Page 15: AUT – Top 1% of universities world-wide · Bachelor of Engineering (Honours) 10 Overview 12 Course planners 19 Architectural Engineering ... (Honours) Graduate Certificate/ Graduate

13

Construction EngineeringYEAR SEMESTER 1 SEMESTER 2

1120

points

Introduction to Engineering Design Introduction to Computing

Electrical Principles A Electrical Principles B

Mechanical Principles A Mechanical Principles B

Engineering Mathematics I Engineering Materials I

2120

points

Engineering Mathematics II Introduction to Structural Engineering

Construction Materials Construction Engineering Management I

Solid Mechanics I Quantity Surveying

Building Construction I Engineering Design Methodology

3120

points

Architectural Design and Sustainability Construction Engineering Management II

Geotechnical Engineering Engineering Mathematics III

Structural Analysis Concrete Structures

Construction Planning Steel Structures

4120

points

Construction Integration Project (30 points)

Structural Engineering Design Structural Dynamics

Off-site Construction Construction Equipment and Utilisation

Foundation Engineering General elective 1

480 points total

All papers are 15 points unless indicated otherwise. All students also complete Workshop Practice in the second semester of Year 1.1. General electives can be any paper from any AUT programme

April Faitua3rd-year student, Bachelor of Engineering (Honours) in Construction Engineering

“I chose to major in construction engineering because I’ve always been interested in the infrastructure of buildings and passionate about being innovative, analytical and resourceful. Construction engineering combines all of this. I would highly recommend this major to other students who are fascinated by buildings. I would love to be a project manager in the construction industry one day. I believe this major will help me develop the skills I need for a career as a construction engineer. AUT has so many support services for students. Whether it’s to do with academic, financial, health or social issues, AUT always has a professional ready to help you.”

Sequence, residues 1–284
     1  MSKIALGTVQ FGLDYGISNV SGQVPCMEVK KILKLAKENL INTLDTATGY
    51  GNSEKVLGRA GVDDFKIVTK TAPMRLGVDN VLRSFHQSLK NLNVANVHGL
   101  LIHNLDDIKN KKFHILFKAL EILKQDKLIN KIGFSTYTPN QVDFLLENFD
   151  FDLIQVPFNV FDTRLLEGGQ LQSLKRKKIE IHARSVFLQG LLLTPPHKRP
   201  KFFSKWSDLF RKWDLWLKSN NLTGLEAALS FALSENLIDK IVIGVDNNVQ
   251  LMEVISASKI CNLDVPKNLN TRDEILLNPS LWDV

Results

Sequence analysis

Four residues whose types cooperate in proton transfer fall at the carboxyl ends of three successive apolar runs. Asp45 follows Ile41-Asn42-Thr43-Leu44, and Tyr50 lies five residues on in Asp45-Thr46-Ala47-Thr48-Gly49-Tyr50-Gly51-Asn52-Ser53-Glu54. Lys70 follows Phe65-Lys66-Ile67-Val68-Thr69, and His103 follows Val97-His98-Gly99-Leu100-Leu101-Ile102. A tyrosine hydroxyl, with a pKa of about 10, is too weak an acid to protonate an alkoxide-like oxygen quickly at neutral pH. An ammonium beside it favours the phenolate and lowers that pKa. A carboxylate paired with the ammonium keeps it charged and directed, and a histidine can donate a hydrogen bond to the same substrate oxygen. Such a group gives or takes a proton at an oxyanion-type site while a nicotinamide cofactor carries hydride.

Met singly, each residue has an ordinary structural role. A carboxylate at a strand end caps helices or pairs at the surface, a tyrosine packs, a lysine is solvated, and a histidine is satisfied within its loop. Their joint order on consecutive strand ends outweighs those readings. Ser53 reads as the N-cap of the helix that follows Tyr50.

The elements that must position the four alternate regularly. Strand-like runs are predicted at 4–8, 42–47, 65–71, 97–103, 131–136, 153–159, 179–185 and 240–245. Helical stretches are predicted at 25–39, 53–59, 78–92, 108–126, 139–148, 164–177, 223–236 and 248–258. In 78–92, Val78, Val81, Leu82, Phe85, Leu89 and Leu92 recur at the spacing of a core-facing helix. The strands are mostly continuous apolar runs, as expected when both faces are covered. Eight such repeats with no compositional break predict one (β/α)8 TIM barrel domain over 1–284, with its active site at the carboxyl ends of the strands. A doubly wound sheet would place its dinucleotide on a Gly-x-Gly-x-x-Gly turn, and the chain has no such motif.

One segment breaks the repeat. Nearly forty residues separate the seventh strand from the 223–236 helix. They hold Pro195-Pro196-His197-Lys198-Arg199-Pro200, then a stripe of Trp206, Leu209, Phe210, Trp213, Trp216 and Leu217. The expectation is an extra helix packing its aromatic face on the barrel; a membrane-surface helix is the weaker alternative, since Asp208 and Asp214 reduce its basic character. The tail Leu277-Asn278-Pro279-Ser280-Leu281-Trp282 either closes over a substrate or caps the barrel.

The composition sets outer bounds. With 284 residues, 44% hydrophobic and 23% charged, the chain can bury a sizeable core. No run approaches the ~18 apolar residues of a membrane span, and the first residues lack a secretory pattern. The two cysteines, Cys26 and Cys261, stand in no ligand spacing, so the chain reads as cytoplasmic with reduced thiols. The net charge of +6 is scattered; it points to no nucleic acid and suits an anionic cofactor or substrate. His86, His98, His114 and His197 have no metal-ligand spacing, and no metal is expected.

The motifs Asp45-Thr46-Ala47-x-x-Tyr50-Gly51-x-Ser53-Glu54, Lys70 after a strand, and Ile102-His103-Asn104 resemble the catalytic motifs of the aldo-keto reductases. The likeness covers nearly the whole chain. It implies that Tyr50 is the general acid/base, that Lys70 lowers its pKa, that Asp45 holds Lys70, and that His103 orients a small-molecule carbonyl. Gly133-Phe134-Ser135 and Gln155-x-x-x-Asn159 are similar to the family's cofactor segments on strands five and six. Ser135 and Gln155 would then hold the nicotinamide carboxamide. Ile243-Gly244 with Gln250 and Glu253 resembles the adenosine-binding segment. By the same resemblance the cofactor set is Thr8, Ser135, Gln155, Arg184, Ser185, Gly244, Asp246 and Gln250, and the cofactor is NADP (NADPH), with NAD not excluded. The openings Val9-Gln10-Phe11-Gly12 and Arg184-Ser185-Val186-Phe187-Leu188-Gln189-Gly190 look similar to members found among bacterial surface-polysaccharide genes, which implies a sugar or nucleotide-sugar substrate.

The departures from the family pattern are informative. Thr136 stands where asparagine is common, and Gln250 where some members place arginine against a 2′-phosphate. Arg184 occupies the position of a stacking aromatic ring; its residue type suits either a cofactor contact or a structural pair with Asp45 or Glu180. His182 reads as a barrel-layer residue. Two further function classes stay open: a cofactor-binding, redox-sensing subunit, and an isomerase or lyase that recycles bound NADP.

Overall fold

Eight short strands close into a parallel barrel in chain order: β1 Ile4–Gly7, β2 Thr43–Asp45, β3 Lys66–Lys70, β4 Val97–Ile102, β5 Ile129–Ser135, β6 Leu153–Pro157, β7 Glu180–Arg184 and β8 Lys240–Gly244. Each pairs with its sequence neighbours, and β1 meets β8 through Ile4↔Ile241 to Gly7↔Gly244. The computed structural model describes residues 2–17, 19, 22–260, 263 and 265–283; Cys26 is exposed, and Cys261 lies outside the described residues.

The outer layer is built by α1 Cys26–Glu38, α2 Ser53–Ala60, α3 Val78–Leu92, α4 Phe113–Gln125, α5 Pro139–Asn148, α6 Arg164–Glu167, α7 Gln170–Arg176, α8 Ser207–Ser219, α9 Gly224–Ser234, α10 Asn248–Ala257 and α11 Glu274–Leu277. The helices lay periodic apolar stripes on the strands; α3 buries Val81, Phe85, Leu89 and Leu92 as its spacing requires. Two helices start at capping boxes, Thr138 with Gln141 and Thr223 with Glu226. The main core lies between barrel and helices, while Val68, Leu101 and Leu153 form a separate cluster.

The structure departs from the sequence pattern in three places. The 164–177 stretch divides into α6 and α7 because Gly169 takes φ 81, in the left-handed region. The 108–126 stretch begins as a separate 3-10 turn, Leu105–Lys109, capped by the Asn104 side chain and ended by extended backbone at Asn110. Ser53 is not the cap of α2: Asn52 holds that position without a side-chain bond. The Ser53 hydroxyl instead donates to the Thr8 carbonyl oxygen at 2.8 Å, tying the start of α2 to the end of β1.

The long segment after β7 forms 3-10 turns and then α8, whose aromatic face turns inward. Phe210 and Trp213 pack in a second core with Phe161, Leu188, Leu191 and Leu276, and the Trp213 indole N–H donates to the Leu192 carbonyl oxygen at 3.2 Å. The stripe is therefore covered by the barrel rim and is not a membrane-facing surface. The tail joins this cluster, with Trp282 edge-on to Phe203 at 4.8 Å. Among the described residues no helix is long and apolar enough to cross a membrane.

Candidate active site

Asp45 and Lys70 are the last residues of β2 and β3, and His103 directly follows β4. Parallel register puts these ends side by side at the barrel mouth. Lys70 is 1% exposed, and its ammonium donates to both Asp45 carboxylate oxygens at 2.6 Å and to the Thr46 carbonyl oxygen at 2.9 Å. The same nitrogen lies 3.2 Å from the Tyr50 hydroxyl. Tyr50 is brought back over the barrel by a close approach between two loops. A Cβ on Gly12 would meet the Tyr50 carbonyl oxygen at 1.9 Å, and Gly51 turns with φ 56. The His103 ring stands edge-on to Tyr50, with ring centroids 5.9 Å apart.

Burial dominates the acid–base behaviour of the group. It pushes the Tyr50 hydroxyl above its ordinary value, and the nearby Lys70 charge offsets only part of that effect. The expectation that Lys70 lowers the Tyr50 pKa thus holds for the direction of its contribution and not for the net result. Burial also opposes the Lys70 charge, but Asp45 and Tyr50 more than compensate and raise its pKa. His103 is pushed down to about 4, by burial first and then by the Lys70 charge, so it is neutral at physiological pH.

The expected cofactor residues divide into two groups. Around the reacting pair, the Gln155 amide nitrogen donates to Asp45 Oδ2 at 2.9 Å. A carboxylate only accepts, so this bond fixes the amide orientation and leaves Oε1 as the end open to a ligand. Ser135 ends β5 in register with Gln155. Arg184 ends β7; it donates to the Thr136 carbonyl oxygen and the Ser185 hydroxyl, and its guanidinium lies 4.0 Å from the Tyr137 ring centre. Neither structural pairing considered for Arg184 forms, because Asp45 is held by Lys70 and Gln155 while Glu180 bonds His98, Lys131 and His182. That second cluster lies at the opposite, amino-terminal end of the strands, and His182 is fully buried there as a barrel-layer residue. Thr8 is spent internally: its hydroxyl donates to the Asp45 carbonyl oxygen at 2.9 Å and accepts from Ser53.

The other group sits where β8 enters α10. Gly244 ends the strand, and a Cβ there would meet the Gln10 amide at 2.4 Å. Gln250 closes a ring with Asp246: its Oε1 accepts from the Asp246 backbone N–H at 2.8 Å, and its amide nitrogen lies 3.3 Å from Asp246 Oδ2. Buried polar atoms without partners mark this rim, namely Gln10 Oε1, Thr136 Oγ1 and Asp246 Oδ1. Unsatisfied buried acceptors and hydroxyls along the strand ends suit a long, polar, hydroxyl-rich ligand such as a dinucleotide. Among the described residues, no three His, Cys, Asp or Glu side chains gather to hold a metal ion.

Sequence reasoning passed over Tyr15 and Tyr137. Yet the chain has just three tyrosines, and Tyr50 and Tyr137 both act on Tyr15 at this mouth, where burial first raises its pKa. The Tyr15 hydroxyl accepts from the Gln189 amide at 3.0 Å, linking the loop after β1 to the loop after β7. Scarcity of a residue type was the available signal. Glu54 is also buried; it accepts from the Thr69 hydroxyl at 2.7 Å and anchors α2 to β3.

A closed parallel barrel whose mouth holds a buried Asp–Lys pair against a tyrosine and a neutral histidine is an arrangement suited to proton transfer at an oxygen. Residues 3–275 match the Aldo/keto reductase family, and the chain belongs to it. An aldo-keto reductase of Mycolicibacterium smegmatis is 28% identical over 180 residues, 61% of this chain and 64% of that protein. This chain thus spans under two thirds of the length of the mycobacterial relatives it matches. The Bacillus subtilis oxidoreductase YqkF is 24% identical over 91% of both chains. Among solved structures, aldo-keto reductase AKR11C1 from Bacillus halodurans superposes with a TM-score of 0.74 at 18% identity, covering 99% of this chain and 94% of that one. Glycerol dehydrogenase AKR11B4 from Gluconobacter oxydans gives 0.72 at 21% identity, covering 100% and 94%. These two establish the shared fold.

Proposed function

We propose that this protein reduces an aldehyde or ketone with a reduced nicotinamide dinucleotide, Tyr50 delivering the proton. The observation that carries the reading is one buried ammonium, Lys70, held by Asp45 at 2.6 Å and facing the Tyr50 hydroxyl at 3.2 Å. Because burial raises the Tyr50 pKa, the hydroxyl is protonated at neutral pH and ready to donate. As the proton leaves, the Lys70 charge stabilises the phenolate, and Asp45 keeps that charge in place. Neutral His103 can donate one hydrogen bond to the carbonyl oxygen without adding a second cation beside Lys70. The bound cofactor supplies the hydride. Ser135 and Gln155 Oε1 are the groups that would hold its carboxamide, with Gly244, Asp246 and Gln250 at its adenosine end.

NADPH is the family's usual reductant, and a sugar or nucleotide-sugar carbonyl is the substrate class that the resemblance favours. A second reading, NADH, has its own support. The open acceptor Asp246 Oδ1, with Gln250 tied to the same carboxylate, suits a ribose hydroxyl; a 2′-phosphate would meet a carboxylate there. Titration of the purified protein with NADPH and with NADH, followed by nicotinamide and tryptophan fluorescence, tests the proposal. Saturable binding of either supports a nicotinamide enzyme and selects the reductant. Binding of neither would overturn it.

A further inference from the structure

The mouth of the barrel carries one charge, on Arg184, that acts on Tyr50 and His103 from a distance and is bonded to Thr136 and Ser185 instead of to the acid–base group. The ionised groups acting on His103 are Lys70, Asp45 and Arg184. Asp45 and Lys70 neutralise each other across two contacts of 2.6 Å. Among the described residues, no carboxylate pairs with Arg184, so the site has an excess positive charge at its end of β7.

Page 16: AUT – Top 1% of universities world-wide · Bachelor of Engineering (Honours) 10 Overview 12 Course planners 19 Architectural Engineering ... (Honours) Graduate Certificate/ Graduate

UNDERGRADUATE

14

Course planners continued

Electrical and Electronic EngineeringYEAR SEMESTER 1 SEMESTER 2

1120

points

Introduction to Engineering Design Introduction to Computing

Electrical Principles A Electrical Principles B

Mechanical Principles A Mechanical Principles B

Engineering Mathematics I Engineering Materials I

2120

points

Engineering Mathematics II Engineering Mathematics III

Electronics Engineering Management I

Circuit Theory Signals and Systems

Introduction to Microcontrollers Fields and Waves

3120

points

Electronics Project Design Project

Embedded Digital Systems Communication Engineering

Power Electronic Systems Instrumentation and Control Systems

Engineering Numerical Techniques and Statistical Analysis Power Systems Engineering

4120

points

Industrial Project (Electrical) (30 points)

General elective 1 Engineering Management II

Elective 2 Elective 2

Elective 2 Elective 2

480 points totalYou also complete Workshop Practice in your second semester. 1. Can be from any AUT programme. 2. Year 4, Semester 1 electives: Advanced Control Systems, Electrical Power Systems Integrated Analysis, Power Systems in Quality Management, Advanced Power Electronics, Digital Signal Processing, Real Time Systems, Wireless Systems. Year 4, Semester 2 electives: System ID and Adaptive Control OR Optimal Control, Electrical Design and Protection, Digital Systems Design, Embedded Software Engineering, Advanced Power Electronics, Network Engineering, Innovation Management.